[concluding paragraphs - see the above for the full text]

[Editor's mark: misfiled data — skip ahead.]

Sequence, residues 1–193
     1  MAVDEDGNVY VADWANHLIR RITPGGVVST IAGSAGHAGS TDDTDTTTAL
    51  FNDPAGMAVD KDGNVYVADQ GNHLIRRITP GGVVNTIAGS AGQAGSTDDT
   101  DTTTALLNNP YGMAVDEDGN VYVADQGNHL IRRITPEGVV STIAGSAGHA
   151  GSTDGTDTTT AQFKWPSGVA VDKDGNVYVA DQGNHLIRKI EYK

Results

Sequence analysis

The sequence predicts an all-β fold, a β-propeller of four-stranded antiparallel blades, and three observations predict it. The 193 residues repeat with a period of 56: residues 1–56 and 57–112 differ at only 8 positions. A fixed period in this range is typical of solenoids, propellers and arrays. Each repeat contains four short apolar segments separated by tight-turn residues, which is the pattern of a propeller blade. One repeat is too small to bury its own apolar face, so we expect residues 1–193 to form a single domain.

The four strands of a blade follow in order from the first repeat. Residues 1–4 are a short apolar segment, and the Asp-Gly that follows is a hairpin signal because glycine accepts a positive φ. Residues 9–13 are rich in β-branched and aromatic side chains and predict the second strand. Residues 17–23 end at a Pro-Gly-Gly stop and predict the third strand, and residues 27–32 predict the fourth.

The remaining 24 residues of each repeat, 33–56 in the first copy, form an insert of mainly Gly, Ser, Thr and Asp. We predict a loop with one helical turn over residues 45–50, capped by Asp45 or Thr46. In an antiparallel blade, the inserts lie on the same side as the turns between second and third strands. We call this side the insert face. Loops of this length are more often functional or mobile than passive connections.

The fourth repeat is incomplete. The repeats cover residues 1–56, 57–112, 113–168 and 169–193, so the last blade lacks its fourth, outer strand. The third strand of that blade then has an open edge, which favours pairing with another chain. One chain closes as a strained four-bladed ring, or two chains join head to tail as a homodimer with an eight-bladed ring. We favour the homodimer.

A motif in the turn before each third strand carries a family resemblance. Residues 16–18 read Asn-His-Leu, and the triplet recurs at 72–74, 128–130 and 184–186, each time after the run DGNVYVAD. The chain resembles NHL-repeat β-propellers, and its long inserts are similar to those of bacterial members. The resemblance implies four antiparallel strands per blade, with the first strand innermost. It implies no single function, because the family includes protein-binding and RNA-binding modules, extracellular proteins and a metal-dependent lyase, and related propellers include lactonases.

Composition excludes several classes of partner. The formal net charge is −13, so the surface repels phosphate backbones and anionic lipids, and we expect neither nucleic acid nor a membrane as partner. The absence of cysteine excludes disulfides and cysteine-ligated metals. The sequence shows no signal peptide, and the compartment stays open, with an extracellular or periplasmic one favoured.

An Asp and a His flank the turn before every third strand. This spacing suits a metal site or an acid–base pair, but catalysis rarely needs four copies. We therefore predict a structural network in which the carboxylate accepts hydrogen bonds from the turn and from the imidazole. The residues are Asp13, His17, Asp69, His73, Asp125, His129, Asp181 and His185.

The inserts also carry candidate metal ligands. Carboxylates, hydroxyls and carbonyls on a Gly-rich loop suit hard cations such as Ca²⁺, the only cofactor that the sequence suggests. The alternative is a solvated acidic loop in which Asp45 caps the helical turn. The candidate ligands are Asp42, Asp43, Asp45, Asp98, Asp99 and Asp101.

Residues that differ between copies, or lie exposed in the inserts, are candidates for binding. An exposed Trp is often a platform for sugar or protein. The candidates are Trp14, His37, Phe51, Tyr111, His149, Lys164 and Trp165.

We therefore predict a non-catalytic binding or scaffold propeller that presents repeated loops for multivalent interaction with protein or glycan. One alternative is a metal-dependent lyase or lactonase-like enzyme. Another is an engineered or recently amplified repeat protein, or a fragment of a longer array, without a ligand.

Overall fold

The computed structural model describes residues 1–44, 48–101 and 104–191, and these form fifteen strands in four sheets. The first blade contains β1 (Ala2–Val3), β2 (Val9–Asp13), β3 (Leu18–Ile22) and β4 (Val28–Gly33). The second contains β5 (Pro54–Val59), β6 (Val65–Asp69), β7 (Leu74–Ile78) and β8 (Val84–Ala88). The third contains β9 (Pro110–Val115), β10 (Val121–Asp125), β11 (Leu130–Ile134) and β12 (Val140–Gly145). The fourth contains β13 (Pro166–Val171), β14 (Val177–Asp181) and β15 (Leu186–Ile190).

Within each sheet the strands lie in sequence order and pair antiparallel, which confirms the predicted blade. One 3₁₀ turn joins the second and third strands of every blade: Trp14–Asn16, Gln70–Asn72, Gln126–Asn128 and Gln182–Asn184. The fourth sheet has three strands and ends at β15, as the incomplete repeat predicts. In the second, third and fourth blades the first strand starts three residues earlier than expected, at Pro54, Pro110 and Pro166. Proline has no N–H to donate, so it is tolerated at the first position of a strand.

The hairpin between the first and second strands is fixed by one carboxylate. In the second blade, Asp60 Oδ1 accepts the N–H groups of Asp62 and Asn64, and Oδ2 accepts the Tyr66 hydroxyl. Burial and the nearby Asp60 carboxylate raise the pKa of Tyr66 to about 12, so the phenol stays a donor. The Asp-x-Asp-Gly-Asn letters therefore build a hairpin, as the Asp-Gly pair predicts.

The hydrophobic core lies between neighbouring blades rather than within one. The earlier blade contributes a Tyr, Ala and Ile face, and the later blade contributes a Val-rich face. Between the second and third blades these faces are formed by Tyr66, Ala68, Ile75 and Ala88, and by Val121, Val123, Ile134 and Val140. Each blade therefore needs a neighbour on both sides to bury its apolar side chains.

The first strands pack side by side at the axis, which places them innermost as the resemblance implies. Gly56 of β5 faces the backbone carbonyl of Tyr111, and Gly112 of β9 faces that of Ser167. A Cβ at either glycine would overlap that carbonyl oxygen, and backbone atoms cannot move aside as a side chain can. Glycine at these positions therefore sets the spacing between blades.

As of 2005, one thousand million acres of biotech crops have been planted worldwide and they now cover the equivalent of 40% of the U.S. land area; in the USA 75% of the cotton, almost 50% the corn, and 85% of the soybeans planted are biotech-enhanced (http://www. checkbiotech.org/root/index.cfm?fuseaction5search& search5%20US%20crops&doc_id57300&start51& fullsearch50; verified 10 May 2006). According to figures published on 12 Jan. 2006 by ISAAA (The International Service for the Acquisition of Agri-biotech Applications) the hectarage planted with biotech crops increased by 9.0 million hectares (22 million acres) worldwide in 2005 (www.isaaa.org; verified 10 May 2006). However, as with any other new technology, genetic engineering is not without adversaries, some of which even go as far as destroying experimental materials. This antiscience zealotry (Borlaug, 2000) and public hostility to modern biotechnology has been attributed to "lack of scientific literacy" (Bucchi and Neresini, 2004) and may impede human progress. The opponents of the new technology work on the premise that plant biotechnology is unnatural, unsafe, and inherently However, the indisputable fact remains that conventional plant breeding is a form of genetic engineering that has been practiced for centuries in humanity's quest for food production. Any breeding activity ultimately involves changes at the DNA level. It would therefore appear ridiculous to suddenly get nervous about genetically altering crops now when fundamentally we have been doing pretty much the same thing for so long. There is no evidence to suggest that GM foods pose any threat to human safety, although work needs to be done on informing and reassuring the public about the global benefits of GM crops.